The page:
July 20, 2013
T-Model Ford, Late-Blooming Bluesman, Is Dead (MARGALIT FOX, 7/19/13, NY Times)
T-Model Ford, a raw-sounding, mesmerizing guitarist and singer who was among the last of the old-time Delta bluesmen -- and whose career was all the more noteworthy for his not having picked up a guitar until he was almost 60 -- died on Tuesday at his home in Greenville, Miss. [...]"Jack Daniel's, the women and the Lord been keeping me here," he told The Chicago Sun-Times in 2003. In old age, however, on doctor's orders, he reduced his involvement with the first of these to some extent.Mr. Ford was a completely self-taught musician, and the blues that sprang from him was stark, harsh and haunting even by the standards of the genre.Because he did not know the proper way to tune a guitar, the eccentric tunings he devised lent his music a strange, soulful tonality -- he played, as fellow musicians sometimes described it, "in the key of T."If Mr. Ford exuded the aura of a backwoods bluesman from Central Casting, he came by it more or less honestly, for his personal narrative seemed to rival that of any blues song:There was the childhood spent working the fields under the brutal Mississippi sun.There was his first wife, whom he married when he was a teenager, and who left, Mr. Ford said, to run off with his father.There was another wife, who he said drank poison to try to end a pregnancy but died instead."I heard her thump down on the floor, stone dead," Mr. Ford told an interviewer in 1999. "I was sad, I loved that woman, but I didn't let it get me down."There was still another wife -- either the third or the fifth; the number varied with Mr. Ford's recollection -- who gave him his first guitar before decamping.There were the times, more recently, that he tried to stab members of his band, because they irked him.Of the stories that swirled around Mr. Ford, some were tall tales in the oral tradition of old bluesmen. Others seemed born of the gleeful, spur-of-the-moment hyperbole with which Mr. Ford, who could neither read nor write but was no less canny for that, embellished his many interviews.And still others, given the realities of black life in the Depression-era South, were apparently true -- including the two years he spent on a chain gang for killing a man in self-defense.That man may not have been the only one Mr. Ford killed in his long life. As he wondered aloud in an interview with The New York Times in 2001, "Do I count the one I run over in my Pontiac?"James Lewis Carter Ford was born on June 24 -- of that much he was certain -- about 1920, in Forest, Miss.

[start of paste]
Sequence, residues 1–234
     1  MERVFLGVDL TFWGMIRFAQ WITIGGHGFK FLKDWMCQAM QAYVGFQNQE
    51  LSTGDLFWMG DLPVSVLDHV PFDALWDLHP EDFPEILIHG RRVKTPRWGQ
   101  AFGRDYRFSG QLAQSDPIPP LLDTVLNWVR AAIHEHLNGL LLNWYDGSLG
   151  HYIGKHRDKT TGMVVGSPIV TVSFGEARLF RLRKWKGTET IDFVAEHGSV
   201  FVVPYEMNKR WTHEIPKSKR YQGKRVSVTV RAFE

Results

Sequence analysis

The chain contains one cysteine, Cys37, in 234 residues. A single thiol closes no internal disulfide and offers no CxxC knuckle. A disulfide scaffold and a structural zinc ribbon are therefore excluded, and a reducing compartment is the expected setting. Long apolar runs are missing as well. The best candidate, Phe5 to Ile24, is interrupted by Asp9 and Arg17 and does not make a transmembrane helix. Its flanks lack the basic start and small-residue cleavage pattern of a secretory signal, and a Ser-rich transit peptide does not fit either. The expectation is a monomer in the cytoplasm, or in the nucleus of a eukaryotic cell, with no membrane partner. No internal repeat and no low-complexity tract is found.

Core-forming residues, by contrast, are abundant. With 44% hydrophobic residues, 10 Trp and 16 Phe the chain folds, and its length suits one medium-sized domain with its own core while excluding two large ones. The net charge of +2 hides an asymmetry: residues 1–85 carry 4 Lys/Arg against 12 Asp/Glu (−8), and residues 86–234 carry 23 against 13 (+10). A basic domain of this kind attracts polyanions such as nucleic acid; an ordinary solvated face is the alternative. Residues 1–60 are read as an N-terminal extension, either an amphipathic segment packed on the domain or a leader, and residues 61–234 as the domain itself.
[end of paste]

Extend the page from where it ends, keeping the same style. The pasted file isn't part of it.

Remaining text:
T-Model Ford: Hear A Rousing Session With The Late Bluesman (JOHN RICHARDS, October 07, 2008, NPR)
Posted by Orrin Judd at July 20, 2013 12:28 PM